We can put a date to Edwin’s perambulations as the British Bandsman states: “Just over four years ago he removed to St Ives, and soon started a band of youngsters, which has now become the Town Band“. That would place his return to Cornwall as 1910 so he had been in Wales for 10 years.

At some point Edwin played solo euphonium with Camborne Town Band but whether this was before his move to Wales, or on his return, we cannot be sure. This report in the The Cornish Telegraph / Cornishman on 3rd December 1914 is our only reference to it:… many years ago [he] was a member of the Camborne Band”.

In 1912 Edwin took his band (St Ives) to compete in the first West of England Bandsmen’s Festival at Bugle and despite being five players short, they won second prize in Class B playing Apollo and the march Magnific. Edwin conducted and played solo trombone and also competed in the evening solo contest when he was placed first and collected the gold medal. This began a very successful period for the band as evidenced by the results of the various contests around Cornwall.

The date of Edwin’s marriage to Martha May Beckerleg eludes us but we do know that she was born in St Ives on the 23rd of November 1896 and was 15 years his junior.

Edwin and Martha May’s marriage certainly included a mutual love of music: Their support for each other is clear with Martha May playing baritone in St Ives Town Band (including in 1912 and 1913 at Bugle) and when they accompanied each other at the various solo contests across Cornwall.

Before they met, Martha May had been a member of Helleaveor Wesleyan Choir and later the Primitive Methodist Choir. She had a good contralto voice but it was Edwin who encouraged and tutored her in an instrumental career, first on the organ and then on the euphonium on which, it was said, she made rapid progress. She made her first appearance in a sacred concert at the Wesleyan Chapel where she played Gounod’s Nazereth and received calls for an encore. Her first solo competition was at Fraddon in 1912 when she played In my Cottage and apparently, delivered a good performance. The article in The British Bandman states: “Like her husband, Mrs Williams has a good repertoire for the euphonium, and they have been in great demand as solists at concerts, where they play each other’s accompaniments. Her favourite solo was said to be The Village Blacksmith”.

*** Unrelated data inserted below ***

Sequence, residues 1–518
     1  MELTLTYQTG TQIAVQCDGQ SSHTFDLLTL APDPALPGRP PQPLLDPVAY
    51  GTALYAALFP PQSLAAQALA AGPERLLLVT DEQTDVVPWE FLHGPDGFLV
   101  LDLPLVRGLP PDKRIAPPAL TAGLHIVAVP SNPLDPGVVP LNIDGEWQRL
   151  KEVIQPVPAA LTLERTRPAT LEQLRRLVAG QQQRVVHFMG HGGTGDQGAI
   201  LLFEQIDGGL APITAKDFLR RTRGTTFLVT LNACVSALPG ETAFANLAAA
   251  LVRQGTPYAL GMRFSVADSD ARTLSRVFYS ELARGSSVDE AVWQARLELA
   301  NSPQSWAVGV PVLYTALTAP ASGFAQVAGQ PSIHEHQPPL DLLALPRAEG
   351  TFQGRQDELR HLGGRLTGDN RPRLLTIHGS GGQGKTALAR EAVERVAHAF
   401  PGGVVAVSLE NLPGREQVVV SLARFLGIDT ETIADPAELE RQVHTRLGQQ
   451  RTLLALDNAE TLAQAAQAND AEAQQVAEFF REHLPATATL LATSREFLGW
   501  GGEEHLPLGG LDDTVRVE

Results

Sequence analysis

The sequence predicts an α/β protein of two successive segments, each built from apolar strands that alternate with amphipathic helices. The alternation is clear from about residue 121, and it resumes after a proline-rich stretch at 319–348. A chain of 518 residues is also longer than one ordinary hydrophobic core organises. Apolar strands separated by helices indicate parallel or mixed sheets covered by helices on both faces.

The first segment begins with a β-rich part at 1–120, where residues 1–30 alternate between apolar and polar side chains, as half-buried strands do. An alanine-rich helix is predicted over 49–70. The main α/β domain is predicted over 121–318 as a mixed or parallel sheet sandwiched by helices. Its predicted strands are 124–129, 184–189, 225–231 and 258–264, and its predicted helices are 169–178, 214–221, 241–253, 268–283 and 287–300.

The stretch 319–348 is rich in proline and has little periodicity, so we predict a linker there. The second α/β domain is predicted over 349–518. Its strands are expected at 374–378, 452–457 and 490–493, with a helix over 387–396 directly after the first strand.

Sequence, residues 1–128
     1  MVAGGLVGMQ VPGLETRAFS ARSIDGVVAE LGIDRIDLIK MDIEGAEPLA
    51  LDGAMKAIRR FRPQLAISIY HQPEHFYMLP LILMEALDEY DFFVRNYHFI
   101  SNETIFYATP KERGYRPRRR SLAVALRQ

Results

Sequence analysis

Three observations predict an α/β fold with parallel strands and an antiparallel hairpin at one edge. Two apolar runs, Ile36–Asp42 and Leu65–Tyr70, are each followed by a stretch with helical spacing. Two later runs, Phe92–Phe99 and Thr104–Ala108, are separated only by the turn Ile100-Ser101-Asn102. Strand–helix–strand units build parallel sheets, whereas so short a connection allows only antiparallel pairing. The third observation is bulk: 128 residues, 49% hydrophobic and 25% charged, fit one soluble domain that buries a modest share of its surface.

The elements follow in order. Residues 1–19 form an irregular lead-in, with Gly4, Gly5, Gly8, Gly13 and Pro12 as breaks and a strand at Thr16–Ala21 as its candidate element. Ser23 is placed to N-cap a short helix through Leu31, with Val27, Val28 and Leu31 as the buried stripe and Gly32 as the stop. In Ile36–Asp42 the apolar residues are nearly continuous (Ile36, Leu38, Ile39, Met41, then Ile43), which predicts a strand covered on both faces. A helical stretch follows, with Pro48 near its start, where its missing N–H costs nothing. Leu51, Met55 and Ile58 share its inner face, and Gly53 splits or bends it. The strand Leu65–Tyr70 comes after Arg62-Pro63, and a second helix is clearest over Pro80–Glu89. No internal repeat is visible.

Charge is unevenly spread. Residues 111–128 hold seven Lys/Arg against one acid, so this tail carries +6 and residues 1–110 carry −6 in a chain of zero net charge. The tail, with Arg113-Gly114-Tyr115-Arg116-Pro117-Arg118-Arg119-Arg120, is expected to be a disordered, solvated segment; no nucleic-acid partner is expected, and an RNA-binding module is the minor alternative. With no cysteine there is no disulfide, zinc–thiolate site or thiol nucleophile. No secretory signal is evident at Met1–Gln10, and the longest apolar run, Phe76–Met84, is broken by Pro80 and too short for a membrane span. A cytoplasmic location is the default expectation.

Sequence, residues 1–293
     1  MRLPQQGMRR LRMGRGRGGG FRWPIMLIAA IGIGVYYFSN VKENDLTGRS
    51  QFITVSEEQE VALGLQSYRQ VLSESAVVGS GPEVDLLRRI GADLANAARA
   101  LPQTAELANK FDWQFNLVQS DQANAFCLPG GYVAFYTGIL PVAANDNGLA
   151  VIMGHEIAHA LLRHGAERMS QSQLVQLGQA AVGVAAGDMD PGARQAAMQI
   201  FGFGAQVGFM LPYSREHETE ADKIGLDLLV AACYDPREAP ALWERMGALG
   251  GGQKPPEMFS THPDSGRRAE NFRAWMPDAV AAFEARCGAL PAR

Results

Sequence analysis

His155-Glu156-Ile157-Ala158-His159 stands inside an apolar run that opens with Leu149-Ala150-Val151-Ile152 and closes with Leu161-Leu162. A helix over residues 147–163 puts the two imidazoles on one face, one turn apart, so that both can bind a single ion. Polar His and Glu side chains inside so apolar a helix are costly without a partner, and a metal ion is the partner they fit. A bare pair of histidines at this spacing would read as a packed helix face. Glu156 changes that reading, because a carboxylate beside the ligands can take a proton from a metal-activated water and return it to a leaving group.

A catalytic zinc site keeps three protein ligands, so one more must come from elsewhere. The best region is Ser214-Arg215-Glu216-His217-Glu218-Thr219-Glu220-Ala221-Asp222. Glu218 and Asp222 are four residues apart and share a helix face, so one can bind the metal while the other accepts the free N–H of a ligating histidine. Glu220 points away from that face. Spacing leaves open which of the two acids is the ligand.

Edwin’s wife, Martha May née Beckerleg, playing euphonium


Just a few of their many successes at solo contests:

1911: Edwin placed 2nd in the Fraddon Coronation Band Solo Contest on Euphonium playing Rule Brittannia. He also competed with his wife in the duet section (Euphonium and Trombone) playing Wind and Wave.

1912: Edwin placed 3rd and Martha May placed joint 4th in the Solo Contest in aid of the St Austell Cottage Hospital Maintenance Fund.

1913: Edwin placed 1st out of 20 entrants in the Foxhole Temperance Band Brass Solo Contest on Euphonium.

1913: Edwin placed 1st out of 20 entrants in the St Austell Solo Contest.


Edwin had been composing for some time and The British Bandsman referred to his knowledge of harmony and counterpoint and to the fact that St Ives Town Band had a number of his compositions in its repertoire. It also said that he was a good accompanist on the piano and organ and had even done a little violin playing.

In 1914 Edwin left St Ives to take over the baton at Camborne Town Band: he succeeded Will Layman.

In 1915 he had a major success in his composing career. The Cornish Guardian of Friday the 5th of February 1915 reported: “A competition for the best original quick march promoted by the Editor of the Brass Band News (Liverpool) with the object of encouraging young composers, attracted 161 entries. The prize was awarded to Mr Edwin J Williams. conductor of Camborne Town Band, and professional trainer to the Bugle Silver Band. His composition entitled The Thunderer, is described as an interesting and good march, with character and strength. The march is included in the repertoire of the Bugle Band, to whom it was presented by Mr Williams.”

Camborne Town Band under E J Williams

Camborne Town Band 1916 under Edwin Williams (Photo: courtesy Leonard Adams)

Camborne Town Band 1919 under Edwin Williams

Edwin had been composing brass band and other music for some time and on the 16th June 1921, the Cornubian and Redruth Times reported: “Mr. Edwin Williams, bandmaster of Camborne Town Band, won the first prize in Lincolnshire in a march-composing competition in connection with Richardson Band Journal”.